Taken from the Catholic Universe – 8 September 2013
The row over faith schools has been reignited this week following the British Humanist Association’s successful challenge to the Office of the Schools Adjudicator with regards to the entry criteria for the London Oratory in Fulham, one of the UK’s leading Catholic Schools.
Under its current admissions policies, one of the criteria under which children are prioritised is that of ‘service’ by a child or their parent within a Catholic church or community over at least three years, which could include singing in the choir, being on the flower-arranging rota or some kind of church based voluntary work. The Oratory had argued that this is a religious activity in accordance with canon law, however the adjudicator disagreed, stating that the criterion meant parents who wanted a place for their children would need to start planning three or four years in advance of their child’s admission. This apparently would favour those who were sufficiently well-organised and that it therefore excluded more chaotic and presumably more disadvantaged families. It is apparently unfair that parents should be need to be thinking about school admissions four years ahead of actually requiring a place.
Firstly, one has to question what right the British Humanist Association has to challenge and interfere with the admissions criteria of Catholic schools, to whom they are vehemently opposed. This was little more than a thinly veiled and intolerant attack upon the rights of parents to be able to give their children an education of their choosing.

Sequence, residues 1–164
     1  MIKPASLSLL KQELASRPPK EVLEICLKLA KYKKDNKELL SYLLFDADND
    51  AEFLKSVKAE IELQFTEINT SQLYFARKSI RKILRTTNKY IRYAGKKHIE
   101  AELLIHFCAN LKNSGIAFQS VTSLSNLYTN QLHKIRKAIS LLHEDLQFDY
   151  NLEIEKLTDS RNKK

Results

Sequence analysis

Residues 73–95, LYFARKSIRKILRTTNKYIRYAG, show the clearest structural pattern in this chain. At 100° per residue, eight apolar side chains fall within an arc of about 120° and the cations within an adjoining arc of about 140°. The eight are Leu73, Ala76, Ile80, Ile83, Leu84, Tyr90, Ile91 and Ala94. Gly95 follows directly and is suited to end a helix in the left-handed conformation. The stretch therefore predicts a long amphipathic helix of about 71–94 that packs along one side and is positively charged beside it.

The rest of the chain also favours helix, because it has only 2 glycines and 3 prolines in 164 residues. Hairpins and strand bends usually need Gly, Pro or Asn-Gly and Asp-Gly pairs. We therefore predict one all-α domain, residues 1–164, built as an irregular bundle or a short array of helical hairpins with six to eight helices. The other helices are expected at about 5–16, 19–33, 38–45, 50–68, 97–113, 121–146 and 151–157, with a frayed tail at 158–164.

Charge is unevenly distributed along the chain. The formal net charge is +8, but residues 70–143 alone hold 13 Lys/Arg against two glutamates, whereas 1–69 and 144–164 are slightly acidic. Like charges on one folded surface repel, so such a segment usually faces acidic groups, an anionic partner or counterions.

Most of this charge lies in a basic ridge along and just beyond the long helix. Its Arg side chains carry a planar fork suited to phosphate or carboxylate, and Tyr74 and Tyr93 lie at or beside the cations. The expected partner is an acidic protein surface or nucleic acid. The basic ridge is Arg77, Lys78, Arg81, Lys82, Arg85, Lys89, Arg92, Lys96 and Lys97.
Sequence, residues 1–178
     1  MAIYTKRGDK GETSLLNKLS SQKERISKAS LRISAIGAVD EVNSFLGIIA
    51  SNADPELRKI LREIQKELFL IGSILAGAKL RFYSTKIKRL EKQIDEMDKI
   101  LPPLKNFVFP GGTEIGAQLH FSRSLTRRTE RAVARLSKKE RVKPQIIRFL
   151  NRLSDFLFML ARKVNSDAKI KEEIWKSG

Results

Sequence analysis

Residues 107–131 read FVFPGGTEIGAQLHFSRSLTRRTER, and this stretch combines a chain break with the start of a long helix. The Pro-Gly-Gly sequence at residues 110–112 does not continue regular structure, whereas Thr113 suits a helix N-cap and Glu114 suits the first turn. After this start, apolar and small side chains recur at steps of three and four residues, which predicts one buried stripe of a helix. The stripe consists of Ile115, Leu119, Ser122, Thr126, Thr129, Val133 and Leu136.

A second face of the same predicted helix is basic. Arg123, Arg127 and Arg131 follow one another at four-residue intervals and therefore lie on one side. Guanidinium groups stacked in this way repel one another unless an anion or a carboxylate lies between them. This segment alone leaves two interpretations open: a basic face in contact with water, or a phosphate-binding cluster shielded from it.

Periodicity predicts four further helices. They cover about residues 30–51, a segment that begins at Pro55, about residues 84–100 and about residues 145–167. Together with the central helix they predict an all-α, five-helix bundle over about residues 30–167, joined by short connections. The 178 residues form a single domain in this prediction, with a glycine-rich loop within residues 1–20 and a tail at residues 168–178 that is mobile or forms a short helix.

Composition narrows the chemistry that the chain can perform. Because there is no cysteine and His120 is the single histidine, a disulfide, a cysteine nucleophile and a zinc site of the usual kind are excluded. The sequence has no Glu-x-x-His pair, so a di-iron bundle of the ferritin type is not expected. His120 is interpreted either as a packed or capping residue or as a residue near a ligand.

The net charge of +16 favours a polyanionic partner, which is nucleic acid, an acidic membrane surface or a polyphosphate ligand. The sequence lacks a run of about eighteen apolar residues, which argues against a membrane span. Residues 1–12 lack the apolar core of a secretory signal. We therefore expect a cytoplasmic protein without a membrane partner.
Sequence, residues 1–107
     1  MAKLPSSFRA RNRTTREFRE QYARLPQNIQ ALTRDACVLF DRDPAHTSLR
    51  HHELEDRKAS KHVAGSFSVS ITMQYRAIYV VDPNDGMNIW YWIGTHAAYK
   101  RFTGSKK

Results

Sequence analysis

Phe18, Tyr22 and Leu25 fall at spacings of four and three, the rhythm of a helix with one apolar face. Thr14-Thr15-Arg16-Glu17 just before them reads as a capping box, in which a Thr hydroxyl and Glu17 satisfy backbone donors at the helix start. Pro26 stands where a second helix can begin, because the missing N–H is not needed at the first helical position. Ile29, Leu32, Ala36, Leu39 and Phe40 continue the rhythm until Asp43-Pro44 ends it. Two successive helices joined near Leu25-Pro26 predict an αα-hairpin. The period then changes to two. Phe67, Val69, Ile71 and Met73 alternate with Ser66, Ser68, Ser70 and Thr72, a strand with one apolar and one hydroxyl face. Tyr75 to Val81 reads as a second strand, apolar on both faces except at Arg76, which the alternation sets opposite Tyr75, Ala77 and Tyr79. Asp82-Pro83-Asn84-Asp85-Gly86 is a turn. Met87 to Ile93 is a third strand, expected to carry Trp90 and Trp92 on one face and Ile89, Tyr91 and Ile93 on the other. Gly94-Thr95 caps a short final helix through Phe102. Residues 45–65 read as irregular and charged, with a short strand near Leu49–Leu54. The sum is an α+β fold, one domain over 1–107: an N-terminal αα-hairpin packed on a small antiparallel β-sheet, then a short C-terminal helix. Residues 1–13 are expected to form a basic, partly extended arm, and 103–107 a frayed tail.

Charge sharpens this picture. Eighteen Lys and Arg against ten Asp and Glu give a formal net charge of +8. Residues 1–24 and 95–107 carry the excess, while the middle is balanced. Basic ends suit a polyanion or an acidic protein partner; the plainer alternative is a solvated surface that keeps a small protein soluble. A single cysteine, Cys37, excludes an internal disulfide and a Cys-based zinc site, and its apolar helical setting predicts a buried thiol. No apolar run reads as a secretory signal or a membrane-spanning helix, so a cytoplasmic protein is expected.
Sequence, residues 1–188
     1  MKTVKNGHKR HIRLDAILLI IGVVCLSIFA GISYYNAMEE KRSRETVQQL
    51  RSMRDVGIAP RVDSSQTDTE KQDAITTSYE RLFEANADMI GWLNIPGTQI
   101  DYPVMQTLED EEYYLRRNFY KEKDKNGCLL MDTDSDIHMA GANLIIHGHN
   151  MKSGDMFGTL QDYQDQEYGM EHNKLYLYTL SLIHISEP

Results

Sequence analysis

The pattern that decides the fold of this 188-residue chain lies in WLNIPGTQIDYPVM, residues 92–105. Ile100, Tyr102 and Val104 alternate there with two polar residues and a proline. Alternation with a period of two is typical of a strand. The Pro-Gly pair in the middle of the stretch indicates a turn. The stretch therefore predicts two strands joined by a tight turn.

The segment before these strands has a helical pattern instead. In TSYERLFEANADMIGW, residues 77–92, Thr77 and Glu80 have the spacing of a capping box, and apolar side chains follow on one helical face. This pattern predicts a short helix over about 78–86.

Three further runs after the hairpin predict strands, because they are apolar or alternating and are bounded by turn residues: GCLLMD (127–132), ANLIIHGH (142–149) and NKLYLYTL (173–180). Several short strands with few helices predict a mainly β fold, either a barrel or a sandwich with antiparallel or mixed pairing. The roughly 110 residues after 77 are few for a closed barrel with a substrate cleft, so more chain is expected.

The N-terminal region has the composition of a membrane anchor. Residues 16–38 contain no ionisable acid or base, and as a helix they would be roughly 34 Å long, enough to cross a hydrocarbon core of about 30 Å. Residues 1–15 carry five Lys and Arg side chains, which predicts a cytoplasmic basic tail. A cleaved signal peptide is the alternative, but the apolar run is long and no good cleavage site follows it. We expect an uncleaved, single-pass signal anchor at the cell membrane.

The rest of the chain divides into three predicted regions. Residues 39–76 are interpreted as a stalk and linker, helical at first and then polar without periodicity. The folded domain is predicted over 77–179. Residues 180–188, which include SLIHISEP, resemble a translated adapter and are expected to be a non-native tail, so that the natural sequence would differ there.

What the British Humanist Association and other secular lobby groups fail to grasp, is that though all faith schools enjoy state funding, they are also funded by the Church itself, which currently contributes around £20 million a year towards the capital costs of her schools in England and Wales. It is therefore only right and proper that schools should be able to maintain a Catholic ethos, part of which must include reserving the majority of its places for children from the Catholic community, for whom they were established to serve.
In most Catholic schools, the proportion of non-Catholic students is actually much higher than the government’s stipulated 15%, the proportion of Catholic students is around 75% in England, 65% in Wales, meaning that the non-Catholic students number around a third of the total intake, more than double the official requirements, but obviously there are also some schools, such as the Oratory, who are hugely over-subscribed, which is where difficulty arises.
The Catholic Education Service is opposed to admissions criteria such as those of the Oratory, because as the schools’ adjudicator says, it can disadvantage those of a lower social status or those families where both parents work, making it difficult for them to be involved in parish work, meaning that the Catholic Church falls short in her duty to provide education for the entire Catholic population.